Hello, I’m hoping for some help understanding Inverse Kinematics with Bongo 2.0.
I am having some trouble connecting multiple pivot points to the same object while trying to animate a Blum hinge. It has 2 arms connecting to the hinge cup and I can’t get them both to affect the cup at different points. I’ve watched a few videos and tried a few different methods, but I was only able to get the hinge to work with some manual keyframing to match the top arm rotation
Hinge-Test_Importing.3dm (1.5 MB)
This isn’t a big issue, as I was able to get a decent solution with manual keyframing, but I would really like to learn if this is possible for future reference.
I am really new to this software and I have a feeling that I am using these functions wrong or not using the right ones.
Any help would be greatly appreciated!
As explained in the video Whys of IK in Bongo 2.0 - YouTube the basis for IK is a linear hierarchical chain. The stumbling block is to recognize that linear structure in the machine you are trying to animate.
Thereafter it must be decided what will be the head and what will be the tail of the IK-chain, and how the motion will be driven (I use the terminology that is being used in the video above).
The “Hinge Mount” part can be omitted from the chain because it doesn’t play an active role in the movement - it merely stays put. The rotating parts can just as well be attached to the World.
In Hinge-Test_Importing 001.3dm (1.8 MB) Figure 1 uses the “Bottom Arm” as the head of the chain. The end of the chain is marked by an auxiliary point (I assume you have seen The scissor arm: the conception of an IK chain in Bongo 2.0 - YouTube ?).
This auxiliary point is constrained to the ‘World’.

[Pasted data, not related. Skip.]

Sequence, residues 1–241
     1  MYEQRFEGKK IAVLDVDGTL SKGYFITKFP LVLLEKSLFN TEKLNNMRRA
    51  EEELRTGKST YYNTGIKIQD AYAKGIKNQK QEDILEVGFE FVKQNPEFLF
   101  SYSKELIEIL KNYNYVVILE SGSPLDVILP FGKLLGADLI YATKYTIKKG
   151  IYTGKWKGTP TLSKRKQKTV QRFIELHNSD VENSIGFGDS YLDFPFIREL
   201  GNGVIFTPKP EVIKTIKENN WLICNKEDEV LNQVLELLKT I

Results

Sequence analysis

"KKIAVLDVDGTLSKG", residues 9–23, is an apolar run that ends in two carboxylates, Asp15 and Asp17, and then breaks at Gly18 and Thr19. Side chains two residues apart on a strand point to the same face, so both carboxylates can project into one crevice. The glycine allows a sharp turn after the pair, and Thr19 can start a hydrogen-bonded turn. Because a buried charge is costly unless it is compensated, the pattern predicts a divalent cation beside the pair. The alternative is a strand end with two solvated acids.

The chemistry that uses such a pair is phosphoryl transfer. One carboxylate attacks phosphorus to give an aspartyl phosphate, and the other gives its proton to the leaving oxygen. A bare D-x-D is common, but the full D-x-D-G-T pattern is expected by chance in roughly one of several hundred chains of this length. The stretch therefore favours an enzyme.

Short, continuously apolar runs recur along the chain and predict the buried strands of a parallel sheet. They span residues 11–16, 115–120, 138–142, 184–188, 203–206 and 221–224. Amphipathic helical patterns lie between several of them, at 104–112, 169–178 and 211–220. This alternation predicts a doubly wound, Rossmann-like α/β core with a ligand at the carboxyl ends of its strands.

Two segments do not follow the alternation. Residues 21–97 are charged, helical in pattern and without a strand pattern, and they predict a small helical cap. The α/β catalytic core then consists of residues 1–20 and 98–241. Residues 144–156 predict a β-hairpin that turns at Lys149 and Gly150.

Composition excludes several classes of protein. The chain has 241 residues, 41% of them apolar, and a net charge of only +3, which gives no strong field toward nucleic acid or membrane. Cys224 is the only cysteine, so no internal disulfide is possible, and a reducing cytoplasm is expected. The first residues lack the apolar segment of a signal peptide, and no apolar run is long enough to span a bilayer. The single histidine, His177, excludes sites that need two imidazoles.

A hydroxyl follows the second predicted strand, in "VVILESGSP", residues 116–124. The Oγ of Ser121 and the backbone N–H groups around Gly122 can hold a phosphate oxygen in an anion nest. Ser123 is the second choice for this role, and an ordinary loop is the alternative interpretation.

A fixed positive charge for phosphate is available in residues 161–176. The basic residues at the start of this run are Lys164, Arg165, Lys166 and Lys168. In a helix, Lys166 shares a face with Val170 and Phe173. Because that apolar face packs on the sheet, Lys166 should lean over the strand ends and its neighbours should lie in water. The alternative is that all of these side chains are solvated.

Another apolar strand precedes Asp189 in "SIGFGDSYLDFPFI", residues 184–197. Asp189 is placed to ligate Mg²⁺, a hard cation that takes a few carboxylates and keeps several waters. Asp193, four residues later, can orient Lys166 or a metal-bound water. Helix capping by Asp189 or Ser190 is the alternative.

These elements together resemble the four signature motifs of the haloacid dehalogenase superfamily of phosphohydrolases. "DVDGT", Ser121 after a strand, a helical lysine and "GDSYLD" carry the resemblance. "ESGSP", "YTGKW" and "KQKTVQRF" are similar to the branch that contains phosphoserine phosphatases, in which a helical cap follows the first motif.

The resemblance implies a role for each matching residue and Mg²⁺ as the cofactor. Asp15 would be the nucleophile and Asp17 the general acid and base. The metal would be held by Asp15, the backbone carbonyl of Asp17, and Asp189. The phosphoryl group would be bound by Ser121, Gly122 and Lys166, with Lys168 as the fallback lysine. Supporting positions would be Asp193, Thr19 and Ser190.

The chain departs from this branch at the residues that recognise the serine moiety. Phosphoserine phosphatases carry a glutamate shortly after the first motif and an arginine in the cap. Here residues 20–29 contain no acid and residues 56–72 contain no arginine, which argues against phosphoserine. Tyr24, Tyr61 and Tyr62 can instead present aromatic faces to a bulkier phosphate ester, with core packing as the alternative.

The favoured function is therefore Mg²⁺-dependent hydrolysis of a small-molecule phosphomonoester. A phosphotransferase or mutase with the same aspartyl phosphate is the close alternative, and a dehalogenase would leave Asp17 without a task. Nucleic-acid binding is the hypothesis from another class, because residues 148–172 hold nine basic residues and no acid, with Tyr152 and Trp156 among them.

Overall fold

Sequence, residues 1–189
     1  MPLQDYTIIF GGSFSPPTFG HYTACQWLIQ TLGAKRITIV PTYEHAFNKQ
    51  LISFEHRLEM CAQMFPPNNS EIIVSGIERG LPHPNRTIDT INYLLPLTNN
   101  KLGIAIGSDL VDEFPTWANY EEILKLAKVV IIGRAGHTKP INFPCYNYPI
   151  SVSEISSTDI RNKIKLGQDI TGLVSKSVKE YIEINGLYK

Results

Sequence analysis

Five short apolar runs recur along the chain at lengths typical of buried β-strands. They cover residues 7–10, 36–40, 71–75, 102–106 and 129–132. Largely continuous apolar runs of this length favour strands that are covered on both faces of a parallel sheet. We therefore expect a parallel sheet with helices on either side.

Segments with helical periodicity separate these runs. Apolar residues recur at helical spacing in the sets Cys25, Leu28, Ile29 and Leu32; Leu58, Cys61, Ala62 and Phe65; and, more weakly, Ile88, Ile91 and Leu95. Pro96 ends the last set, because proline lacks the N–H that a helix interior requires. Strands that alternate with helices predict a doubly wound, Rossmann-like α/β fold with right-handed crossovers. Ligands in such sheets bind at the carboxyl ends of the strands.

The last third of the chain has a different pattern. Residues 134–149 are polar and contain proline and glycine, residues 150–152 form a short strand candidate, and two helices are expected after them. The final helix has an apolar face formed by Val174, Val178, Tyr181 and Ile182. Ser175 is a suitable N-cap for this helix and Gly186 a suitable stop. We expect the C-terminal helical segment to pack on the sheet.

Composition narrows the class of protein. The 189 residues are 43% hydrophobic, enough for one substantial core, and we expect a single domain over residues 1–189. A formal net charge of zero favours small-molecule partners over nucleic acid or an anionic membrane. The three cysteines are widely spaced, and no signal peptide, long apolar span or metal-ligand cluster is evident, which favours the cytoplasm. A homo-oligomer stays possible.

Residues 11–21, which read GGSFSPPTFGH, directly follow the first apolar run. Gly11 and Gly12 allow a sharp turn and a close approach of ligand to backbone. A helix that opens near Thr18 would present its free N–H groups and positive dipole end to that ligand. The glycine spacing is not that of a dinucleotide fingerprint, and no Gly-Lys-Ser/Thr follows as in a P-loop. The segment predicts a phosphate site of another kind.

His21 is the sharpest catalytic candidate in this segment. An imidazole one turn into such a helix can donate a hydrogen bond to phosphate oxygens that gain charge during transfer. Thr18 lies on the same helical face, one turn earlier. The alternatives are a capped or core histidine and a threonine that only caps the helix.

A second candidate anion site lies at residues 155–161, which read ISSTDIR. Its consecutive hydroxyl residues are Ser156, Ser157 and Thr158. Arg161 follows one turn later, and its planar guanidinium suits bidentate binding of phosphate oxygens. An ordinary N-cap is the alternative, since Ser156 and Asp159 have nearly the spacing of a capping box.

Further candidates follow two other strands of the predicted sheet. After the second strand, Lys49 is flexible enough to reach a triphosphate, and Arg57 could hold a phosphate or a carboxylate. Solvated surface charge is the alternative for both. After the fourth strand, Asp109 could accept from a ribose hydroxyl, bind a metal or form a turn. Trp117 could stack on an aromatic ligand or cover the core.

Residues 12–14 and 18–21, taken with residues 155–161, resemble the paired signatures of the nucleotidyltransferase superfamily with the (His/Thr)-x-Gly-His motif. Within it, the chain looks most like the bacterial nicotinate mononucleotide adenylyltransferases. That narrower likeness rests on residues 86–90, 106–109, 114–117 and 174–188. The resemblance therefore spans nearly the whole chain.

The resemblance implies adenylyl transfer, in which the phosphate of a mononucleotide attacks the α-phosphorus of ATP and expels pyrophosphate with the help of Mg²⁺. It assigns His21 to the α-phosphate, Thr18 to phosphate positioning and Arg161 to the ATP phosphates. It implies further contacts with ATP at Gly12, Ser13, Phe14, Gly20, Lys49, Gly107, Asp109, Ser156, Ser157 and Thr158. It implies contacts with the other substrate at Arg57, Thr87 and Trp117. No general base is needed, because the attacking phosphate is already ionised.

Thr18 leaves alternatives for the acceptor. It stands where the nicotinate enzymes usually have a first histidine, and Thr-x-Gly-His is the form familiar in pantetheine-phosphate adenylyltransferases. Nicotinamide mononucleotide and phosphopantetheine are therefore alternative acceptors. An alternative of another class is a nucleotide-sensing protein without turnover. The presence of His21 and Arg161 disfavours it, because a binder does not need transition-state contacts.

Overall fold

This type of constraint allows the object to rotate, hence it can function as a hinge.
The head of the chain is keyframed to rotate. It is the ‘driver’.
You’ll notice that at the end of the movement the “Hinge Cup” part is kind of thrown back. This is caused by the design of the Blum Hinge combined with the choice of the ‘driver’. In the nearly-open position of the Bloom Hinge a small amount of rotation of the inner arm causes a big swing of the cup.
In order to fix this the identical chain can be used but ‘driven’ by the “Hinge Cup” part. This is shown in Figure 2. The chain now starts off with a IK-joint-hinge at its head. The “Hinge Cup” part is made a ‘standard’ Bongo object, keyframed to rotate (just like the ‘head’ is in Figure 1).
Because it is “Bottom Arm”’s child the rotation of the “Hinge Cup” is relative to “Bottom Arm”.
The movement of Figure 2 is much smoother!
In Figure 3 - as a bonus - an attempt is made to turn the IK-chain upside down - which often can be done for this kind of mechanisms.
However, this is not very successful in this case. As can be seen in Figure 2, in the endphase of opening the “Top Arm” part slightly has to rotate in reverse. Thus selecting the “Top Arm” as driver isn’t a good choice.
– In your initial model you use (in each of both configurations) 2 chains of which the ends are constrained to each other. Such reciprocal constructions cannot be solved by Bongo’s IK-solver.
– I notice in your initial model that you tried to use a “Simple Constraint” within an “IK-chain”. This cannot be done. Info on this issue can be found in Simple constraint versus IK in Bongo 2.0: a clarification. - YouTube.